The second paragraph is excellent. I think you clearly and objectively nailed home the point that the memorization of ancient Confucian texts was irrevelant in running a modern industrialized state, and how the attachment to this Confucian tradition within the government bureaucracy stifled China's attempts to become a modern industrialized state.

There is a change you should make. You wrote "The Manchus were being massacred, and Ci Xi called upon the formerly deposed general that helped put down the Hundred Days reforms, Yuan Shikai." Cixi was already dead by 1911.

I suggest changing that sentence to "The Manchus were being massacred, and the Qing government called upon the formerly....." or "The Qing government called upon the formerly...."

Your points were very clear and I think you did an excellent job analyzing the causes of the Qing decline, and what could have been done to prevent that, as well as how the current day leadership can improve its rule by analyzing previous mistakes made in China's history.

You had a few minor grammatical errors, and I'm going to send the corrected grammatical version through pm, rather than type all of it here.

你的老師應該會給你很高的成勣. :D

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bhchao

I have corrected the sentences that originally had errors in them or sounded a little clunky. Please compare them to what you originally had, and if you agree to the revisions, make the necessary changes. I have decided to post them here so other members can evaluate your essay as well.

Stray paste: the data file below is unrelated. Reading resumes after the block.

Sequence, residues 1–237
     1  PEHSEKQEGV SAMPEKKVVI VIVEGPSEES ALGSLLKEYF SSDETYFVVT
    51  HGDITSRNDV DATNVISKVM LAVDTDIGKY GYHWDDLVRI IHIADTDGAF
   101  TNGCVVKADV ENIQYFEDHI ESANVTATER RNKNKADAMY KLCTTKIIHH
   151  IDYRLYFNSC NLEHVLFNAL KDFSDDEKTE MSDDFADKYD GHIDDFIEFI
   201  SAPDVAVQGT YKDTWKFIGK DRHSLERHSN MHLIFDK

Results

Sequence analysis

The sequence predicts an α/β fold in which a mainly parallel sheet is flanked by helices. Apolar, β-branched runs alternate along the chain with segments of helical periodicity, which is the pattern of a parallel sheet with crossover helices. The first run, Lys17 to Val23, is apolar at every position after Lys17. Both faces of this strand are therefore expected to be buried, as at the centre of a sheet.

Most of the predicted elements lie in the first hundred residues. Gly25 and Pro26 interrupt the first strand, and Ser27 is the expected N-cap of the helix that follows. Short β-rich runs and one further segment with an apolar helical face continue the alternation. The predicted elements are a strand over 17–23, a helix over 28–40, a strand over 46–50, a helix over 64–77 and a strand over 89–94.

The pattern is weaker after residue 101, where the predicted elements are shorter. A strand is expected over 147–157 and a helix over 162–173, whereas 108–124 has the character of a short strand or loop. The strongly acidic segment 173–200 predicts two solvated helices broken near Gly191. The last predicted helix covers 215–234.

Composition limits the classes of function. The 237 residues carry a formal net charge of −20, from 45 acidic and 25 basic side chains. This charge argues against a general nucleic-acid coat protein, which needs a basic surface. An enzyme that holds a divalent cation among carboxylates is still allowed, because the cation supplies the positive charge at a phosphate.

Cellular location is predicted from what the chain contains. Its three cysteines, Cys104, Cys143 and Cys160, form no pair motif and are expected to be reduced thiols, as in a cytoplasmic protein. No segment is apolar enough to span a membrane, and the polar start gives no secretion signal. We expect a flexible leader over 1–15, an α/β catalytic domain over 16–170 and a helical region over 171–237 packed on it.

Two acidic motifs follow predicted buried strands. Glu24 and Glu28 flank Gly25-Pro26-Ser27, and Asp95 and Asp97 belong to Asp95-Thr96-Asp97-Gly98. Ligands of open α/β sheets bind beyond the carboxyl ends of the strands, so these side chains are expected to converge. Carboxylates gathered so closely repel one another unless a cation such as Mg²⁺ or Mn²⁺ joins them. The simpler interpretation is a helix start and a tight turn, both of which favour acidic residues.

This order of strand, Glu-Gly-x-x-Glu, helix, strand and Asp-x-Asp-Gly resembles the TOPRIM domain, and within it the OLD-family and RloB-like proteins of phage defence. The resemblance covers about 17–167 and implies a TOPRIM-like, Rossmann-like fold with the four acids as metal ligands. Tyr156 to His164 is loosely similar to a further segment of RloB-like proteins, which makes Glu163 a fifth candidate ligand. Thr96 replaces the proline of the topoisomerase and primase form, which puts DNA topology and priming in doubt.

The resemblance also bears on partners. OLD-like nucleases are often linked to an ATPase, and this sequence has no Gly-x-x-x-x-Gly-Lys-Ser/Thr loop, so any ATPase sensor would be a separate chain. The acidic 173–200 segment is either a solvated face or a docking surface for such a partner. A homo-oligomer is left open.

1.

Original sentence:

The first reform was entitled the self-strengthening movement, and it last from 1874 to 1894.

New sentence:

The first reform was entitled the self-strengthening movement, and it lasted from 1874 to 1894.

2.

Original sentence:

When the supervisor of the mission met with Chinese students who were attending Yale, they failed to perform the traditional ketou of deference, which infuriate the supervisor, who found it this behavior as Western values usurping Chinese tradition.

New sentence:

When the supervisor of the mission met with Chinese students who were attending Yale, they failed to perform the traditional ketou of deference, which infuriated the supervisor, who found this lack of respect as a Western value usurping Chinese tradition.

3.

Original sentence:

The failure to execute positive change was the mainly the fault of the aforementioned empress dowager Ci Xi, with supplementary complaints from nobles, officials, and military heads.

New sentence:

The failure to execute positive change was mainly the fault of the aforementioned empress dowager Ci Xi, with supplementary complaints from nobles, officials, and military heads.

4.

Original sentence:

The most adamant opposition was Confucian scholars, who were not interested in reformation of the examination system, which led them to their positions of prestige.

New sentence:

The most adamant opposition came from Confucian scholars, who were not interested in reforming the examination system, which led them to their positions of prestige.

5.

Original sentence:

After the emperor Guangxu fell ill, who was the only convinced of the necessity for reform, a coup d'état occurred.

New sentence:

After the emperor Guangxu fell ill, who was convinced of the necessity for reform and was a supporter of the Hundred Days Reform, a coup d'état occurred.

6.

Original sentence:

The Manchus were being massacred, and Ci Xi called upon the formerly deposed general that helped put down the Hundred Days reforms, Yuan Shikai.

New sentence:

'The Manchus were being massacred, and the Qing government called upon the formerly deposed general that helped put down the Hundred Days reforms, Yuan Shikai, to defeat the revolutionaries' OR